During World War II, UL tested fireplace flues and vents for temporary wartime housing and developed systems for protecting windows from bomb explosions. In 1948 Curtis Wellborn was named president. He oversaw a major expansion program, opening new facilities in Northbrook, Illinois, and Santa Clara, California, and initiating new international activities. These included the testing of European-made products in testing centers in Europe with follow-up onsite inspections.

In 1954 UL won a landmark Internal Revenue Service decision upholding its nonprofit status. Although the issue continued to be raised periodically in future decades, the decision that UL was a nonprofit organization testing for public safety has not been overturned.

One area of intensive testing during the early 1950s was televisions and their imploding picture tubes. UL had received the first submittals of TVs for testing in 1939 and, after the war, many more appeared on the scene. UL worked with manufacturers to develop protective shields and glass laminates so that the picture tube glass would not shatter. Televisions also were tested for radiation, the temperature of control knobs, overheating, stability, and durability. The latter test involved putting a 50-pound weight on the top of the set and checking that the television still operated properly. TVs earned the Mark only after passing more than 45 tests.

The introduction of new types of office machines posed new safety concerns. In 1953 UL Listed the first mainframe computer and in 1955 it certified the printed wiring (circuit) board. In 1959 UL Listed the Xerox 914 copier, which churned out six copies a minute. That year, Merwin Brandon became the organizations fifth president and UL continued to grow. In 1967 UL helped establish the Consumer Advisory Council.

In the fire protection area, UL continued to monitor and inspect fire hoses, extinguishers, and sprinkler heads. It tested and Listed smoke detectors, issuing the first Standard in 1960. The organization also began certifying that fire pumpers delivered a stream of water at 1,000 gallons a minute and would not tip when a full crew of firefighters was on board. In 1985 UL again turned to a fleet of mobile labs to test aerial and ground ladders on fire trucks.

Boats and Foreign Subsidiaries: 1970s80s

UL established its Marine Department in 1970, which became the recognized testing agency for the U.S. Coast Guard. UL began testing the buoyancy and strength of life vests in 1971 and soon moved to boats, testing some 210 types of components, from hull arrangement to lights to fuel lines.

The 1970s saw the first Standard for automatic garage door openers (1973), as well as the Listing of video game systems and videotape recorders (1975), microwave ovens (1977), the personal computer (1978), and the automatic teller machine (1979). One ATM test ensured that a skilled burglar using sophisticated tools could not penetrate an ATM within 15 minutes. Also in 1979, UL Listed the electronic grocery scanner, its first effort at evaluating lasers, and moved its headquarters from Chicago to Northbrook.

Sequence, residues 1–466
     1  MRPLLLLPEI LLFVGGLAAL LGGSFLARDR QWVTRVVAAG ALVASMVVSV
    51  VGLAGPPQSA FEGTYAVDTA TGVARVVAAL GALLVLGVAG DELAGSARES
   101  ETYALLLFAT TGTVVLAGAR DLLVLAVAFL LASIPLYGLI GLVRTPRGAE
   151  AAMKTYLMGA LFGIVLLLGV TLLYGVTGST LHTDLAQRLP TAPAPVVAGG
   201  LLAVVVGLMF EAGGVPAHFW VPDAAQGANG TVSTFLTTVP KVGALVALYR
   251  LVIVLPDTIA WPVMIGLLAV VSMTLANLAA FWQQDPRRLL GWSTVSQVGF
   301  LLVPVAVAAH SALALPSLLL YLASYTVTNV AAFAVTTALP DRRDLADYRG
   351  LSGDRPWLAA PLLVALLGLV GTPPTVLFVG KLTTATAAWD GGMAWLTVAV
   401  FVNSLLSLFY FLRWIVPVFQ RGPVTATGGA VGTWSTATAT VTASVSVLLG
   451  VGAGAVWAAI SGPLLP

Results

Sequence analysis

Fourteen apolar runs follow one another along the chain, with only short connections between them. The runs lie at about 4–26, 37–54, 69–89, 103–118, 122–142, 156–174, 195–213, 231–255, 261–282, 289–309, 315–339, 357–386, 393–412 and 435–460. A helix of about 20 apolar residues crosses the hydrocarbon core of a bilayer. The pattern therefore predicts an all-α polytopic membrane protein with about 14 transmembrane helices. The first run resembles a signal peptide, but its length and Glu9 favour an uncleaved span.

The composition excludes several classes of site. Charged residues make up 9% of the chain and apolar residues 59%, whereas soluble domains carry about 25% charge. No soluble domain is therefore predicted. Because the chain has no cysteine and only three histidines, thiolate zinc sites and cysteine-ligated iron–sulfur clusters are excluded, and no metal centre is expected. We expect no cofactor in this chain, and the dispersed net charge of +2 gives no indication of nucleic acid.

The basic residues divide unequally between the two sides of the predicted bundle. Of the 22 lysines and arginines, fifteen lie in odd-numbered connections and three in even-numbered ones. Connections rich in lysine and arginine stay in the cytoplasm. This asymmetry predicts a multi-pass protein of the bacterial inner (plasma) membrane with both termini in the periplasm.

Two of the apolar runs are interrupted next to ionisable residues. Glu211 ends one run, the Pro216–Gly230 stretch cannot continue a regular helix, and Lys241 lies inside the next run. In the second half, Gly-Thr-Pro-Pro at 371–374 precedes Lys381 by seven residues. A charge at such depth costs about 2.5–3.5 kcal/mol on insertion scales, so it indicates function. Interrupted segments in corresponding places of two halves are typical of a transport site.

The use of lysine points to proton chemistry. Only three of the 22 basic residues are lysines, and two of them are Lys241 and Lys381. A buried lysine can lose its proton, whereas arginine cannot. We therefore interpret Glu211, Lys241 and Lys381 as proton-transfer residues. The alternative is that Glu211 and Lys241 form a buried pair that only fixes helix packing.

During the 1980s, UL issued its 500th Standard, the first separate Standard for telephone equipment, and opened the first UL-operated inspection centers outside the United States. Its international activities continued to grow with its Far East subsidiaries, UL International Ltd. and UL International Services, Ltd., responsible for testing products in Hong Kong and Taiwan. UL also helped companies meet international quality assurance standards by introducing an ISO (International Organization for Standardization) 9000 Registration program.

An Increasingly Global Presence: The 1990s

In 1990 Tom Castino became ULs eighth president and accelerated the organizations shift from being the provider of the U.S. national product safety mark to becoming, in his words, the leading provider of worldwide product certification and management system registration services. Instead of concentrating primarily on ensuring that products coming into the United States met UL and U.S. safety standards, Castino wanted to focus on developing a high level of global acceptance so that manufacturers with plants in various countries would be able to more easily test for UL Listings and/or certification by other countries authorities.

In 1993 UL received accreditation as a certification organization by the Standards Council of Canada. Now UL could test and certify to Canadian standards and codes for products sold in Canada, not just for those exported to the United States. UL established a special UL Mark for Canada. That same year, the organization created a new subsidiary in Japan to provide more service to its Japanese customers. By 1994, more than one-third of UL activity represented work for clients outside the United States.